Unknown SQL datatype during Import

Jan 19, 2010 at 11:20 PM


I'm trying to import a database but getting errors. During the import with the new wsgen file wizard, I get an Connection String error dialogue, but can continue. Within the designer I can see the Tables and some Views.

I save the wsgen file, and change the SQL Server type to 2008, and try the Import from the Tools menu.

This time the Import progress dialogue steps through and after a delay an error dialogue opens with a trackback showing, "Unknown SQL datatype !"

It certainly does not look obvious that there is an unknown type, and it could be an erroneous error message. 

Verify shows errors on some Views. If I delete the views, then on save of the wsgen file, I get an Object not set error.


I'm hoping you'll be willing to fix the errors. You can reproduce easily if you create the database using
C:\Windows\Microsoft.NET\Framework\v2.0.50727>aspnet_regsql.exe, and then try to import.

I'm sure you'll get the same errors and I am not doing anything wrong.

It would be good to have an Import log file produced, to aid finding issues like this.

Many thanks for a very interesting product.







Jan 20, 2010 at 2:06 AM

You are right. There is an issue with the datatypes in SQL Server. The types nvarchar and sysnames have the same ID in the system tables. I do not know why. This was causing unpredictable results in the import process for views and stored procedures. This has been corrected and you can import this database after downloading the newest version.

Jan 20, 2010 at 11:37 AM

Many thanks for the speed of the fix. It is working now for Tables and Views, but I still have problems with Stored Procedures.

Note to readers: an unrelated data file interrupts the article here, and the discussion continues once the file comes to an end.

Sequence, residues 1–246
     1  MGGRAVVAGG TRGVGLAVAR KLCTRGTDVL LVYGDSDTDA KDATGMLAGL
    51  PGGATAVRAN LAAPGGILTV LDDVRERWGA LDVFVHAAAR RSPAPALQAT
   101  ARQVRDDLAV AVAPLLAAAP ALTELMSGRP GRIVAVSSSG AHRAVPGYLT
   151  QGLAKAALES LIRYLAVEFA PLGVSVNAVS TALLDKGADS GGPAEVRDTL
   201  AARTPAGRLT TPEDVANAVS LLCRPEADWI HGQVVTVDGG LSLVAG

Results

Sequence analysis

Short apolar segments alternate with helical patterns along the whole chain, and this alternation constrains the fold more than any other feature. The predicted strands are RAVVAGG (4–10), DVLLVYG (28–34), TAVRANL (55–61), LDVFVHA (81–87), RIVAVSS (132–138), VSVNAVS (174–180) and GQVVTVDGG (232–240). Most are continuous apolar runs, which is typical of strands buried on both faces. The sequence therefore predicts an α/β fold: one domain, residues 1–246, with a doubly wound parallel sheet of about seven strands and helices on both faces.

Seems more appropriate to log bugs within the Bug Tracker section, which is what I will do now. However, say if you want me to continue here.



Jan 20, 2010 at 1:27 PM

I have added a comment to the opened ticket. This is working as designed. Stored Procedures are not imported with columns. You need to add them manually. Stored Procedures have no defined return type. In your situation they probably do; however in general, a single Stored Procedure can return many different types or even multiple sets of data. As such, you will need to define what you expect back from the Stored Procedure.

Also keep in mind that when you import from an existing database your installation project will break too. This is because nHydrate is a platform for managing your entire database. It controls the names of defaults, indexes, relationships, primary keys, etc. Since you have an existing database, all of these names will be different from what nHydrate generates. You need to either remove all defaults, indexes, relationships, and keys then let nHydrate recreate them (it will do this when you run the installer) or come up with some other arrangement.

We may come up with a solution to import the exactly named objects and keep track of them for existing databases but this not currently in place.